“Whose image do you bear?”

There is a game using both your hands that we used to play as children called “Here is the church”. You may have played it too. The game has actions and words to it and I’m certain you’ll know it as I go through them with you. It goes like this. Spread both of your hands in front of you so that both palms are facing each other. Now, with both of your hands in the front of you, turn each hand around so that now both palms are facing in opposite directions. Spread your fingers apart, and then bring them in so they interlock with each other. Hello, are you still with me? Now, in that interlocked position bring both palms together so that now your hands are bracing one another, as like your praying. This is supposed to represent the church and your interlocked fingers which now are enclosed by your hands are supposed to represent the people. Now both thumbs should be standing upright and should be free to open and close like you are opening and closing a door. These are supposed to be the church doors. Loosen the first finger of each hand so they are standing upright hard-up against each other. These are the church steeple. You then say: “But where are the people” which at this point you roll your interlocked hands so they are facing upwards showing your fingers, which are still interlocked between one another. You then wriggle your fingers and say: “Here are the people!”. Now, you do the actions as I say the words. “Here is the church. Here are its doors and here is its steeple. But, where are the people?” (Open both hands) ‘There are all the people!” If you managed to follow my directions without any confusion, well done! So, the game is about the church. The physical challenges of moving our hands and fingers resembles the challenges the one, holy and catholic church faces as it lives out its life in and for the world in the twenty-first century.

The role of the church arose in my mind as I reflected on the lectionary readings set for this Sunday. In the text from the gospel of Matthew 22:15-22, Jesus is asked the question as to whether it is lawful or not to pay taxes to emperor Caesar? Having been handed a coin with the image of Caesar inscribed on it, Jesus asks his enquirers whose image and title is on it? “The emperor’s” is the forthwith response. Jesus then follows with his famous line: “Give therefore to the emperor the things that are the emperor’s and to God the things that are God’s”.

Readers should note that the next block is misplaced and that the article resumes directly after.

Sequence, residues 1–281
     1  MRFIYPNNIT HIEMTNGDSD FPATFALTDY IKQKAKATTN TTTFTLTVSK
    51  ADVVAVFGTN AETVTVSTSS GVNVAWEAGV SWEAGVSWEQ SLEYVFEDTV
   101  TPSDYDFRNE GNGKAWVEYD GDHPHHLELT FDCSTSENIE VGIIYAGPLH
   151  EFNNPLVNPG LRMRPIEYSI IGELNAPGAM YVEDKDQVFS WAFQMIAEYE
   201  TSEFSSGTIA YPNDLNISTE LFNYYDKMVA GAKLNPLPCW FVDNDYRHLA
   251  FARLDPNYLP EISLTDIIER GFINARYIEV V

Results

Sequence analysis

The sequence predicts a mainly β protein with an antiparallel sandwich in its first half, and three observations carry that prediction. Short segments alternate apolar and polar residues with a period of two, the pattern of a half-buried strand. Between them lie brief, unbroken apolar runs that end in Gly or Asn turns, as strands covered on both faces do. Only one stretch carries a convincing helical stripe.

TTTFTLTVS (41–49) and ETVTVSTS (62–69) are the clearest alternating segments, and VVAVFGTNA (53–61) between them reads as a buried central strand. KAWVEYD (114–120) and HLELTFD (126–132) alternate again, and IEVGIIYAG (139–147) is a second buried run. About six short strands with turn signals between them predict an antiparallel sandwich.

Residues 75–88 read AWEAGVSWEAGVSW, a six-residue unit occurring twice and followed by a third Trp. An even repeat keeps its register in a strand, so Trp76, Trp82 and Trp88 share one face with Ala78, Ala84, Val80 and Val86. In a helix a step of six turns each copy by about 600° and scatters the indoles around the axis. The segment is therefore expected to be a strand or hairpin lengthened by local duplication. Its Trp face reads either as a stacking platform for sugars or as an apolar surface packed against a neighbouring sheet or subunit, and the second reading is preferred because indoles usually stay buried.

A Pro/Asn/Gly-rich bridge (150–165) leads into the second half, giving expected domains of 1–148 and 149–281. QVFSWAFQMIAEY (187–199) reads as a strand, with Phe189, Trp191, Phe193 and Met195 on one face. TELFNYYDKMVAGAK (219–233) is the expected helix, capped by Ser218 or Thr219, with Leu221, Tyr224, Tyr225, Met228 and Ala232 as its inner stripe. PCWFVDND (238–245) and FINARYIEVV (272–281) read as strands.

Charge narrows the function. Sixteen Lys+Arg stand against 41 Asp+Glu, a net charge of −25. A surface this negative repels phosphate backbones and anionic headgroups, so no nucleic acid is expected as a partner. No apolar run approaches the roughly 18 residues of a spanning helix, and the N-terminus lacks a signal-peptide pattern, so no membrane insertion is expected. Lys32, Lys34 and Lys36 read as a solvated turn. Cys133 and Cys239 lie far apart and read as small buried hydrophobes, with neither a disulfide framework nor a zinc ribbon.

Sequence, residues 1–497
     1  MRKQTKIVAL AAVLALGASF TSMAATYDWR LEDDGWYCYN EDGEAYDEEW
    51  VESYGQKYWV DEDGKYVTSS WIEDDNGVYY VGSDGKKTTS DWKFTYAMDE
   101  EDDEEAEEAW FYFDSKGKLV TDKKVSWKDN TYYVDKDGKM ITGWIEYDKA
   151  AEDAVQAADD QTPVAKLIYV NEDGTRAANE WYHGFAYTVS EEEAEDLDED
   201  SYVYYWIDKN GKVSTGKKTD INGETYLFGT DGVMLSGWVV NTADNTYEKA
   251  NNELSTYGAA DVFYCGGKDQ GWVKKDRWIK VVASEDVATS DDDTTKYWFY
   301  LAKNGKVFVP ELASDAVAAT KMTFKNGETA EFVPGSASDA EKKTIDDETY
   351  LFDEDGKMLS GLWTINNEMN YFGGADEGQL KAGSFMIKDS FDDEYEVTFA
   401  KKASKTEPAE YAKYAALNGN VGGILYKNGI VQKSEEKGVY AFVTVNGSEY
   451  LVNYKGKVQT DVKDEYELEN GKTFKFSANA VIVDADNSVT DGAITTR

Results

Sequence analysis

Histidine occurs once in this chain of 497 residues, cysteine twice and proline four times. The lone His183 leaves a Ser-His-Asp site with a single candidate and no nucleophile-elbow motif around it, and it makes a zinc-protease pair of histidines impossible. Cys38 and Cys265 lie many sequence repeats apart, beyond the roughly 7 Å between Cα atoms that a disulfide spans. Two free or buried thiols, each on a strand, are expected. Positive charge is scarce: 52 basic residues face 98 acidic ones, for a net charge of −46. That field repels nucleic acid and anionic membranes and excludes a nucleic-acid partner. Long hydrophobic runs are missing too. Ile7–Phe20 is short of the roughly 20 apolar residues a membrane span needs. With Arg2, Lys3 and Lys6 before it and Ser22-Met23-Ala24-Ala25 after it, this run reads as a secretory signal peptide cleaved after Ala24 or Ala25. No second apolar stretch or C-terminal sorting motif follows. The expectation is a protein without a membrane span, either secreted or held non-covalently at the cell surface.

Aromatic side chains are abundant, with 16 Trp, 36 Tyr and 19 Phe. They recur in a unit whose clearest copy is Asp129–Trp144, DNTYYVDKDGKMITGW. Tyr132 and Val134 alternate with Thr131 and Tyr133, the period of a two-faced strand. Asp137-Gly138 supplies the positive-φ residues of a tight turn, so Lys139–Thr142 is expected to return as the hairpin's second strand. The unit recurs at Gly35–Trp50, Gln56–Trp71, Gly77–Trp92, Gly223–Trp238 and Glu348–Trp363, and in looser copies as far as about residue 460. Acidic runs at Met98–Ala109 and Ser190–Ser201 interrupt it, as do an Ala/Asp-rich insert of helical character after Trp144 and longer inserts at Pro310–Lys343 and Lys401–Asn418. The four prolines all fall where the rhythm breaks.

The image of their emperor may well have been inscribed on the coin, however, Jesus’ question to his church could well be “Whose image do you bear?” What comes to mind is the line in Genesis “Let us make humankind in our image, according to our likeness.” David Lose in his reflection on the Matthew text expands further on the implication of this:

We were made in the image and likeness of God, and because we bear God’s likeness we are to act like God. Not mind you, like gods, those who lord their authority over others for self-gain, but rather like God – the One who creates and sustains and nurtures and redeems and saves…no matter what the cost. We are called, that is, to serve as God’s agents, God’s partners, and God’s co-workers exercising dominion over creation not as an act of power but rather as an act of stewardship and extending to all the abundant life God wishes for all.

It is a timely reminder of the church’s vocation. My challenge this week to you friends is, if we are made in the image and likeness of God, then what ways might you look at expressing God’s image and likeness to those loved ones in your family, or your colleagues at your workplace, your fellow students and teachers at school, your neighbours or the various people from among your community networks with which you encounter. The possibilities are endless and are to the extent you allow your imagination to go all out. In whatever way you respond to the challenge, those values such as for example compassion, generosity, kindness which flow naturally from living a God-filled life, are sorely needed in our world.

Peace on your Pentecost journey.

“Image, Likeness, and Identity,” David Lose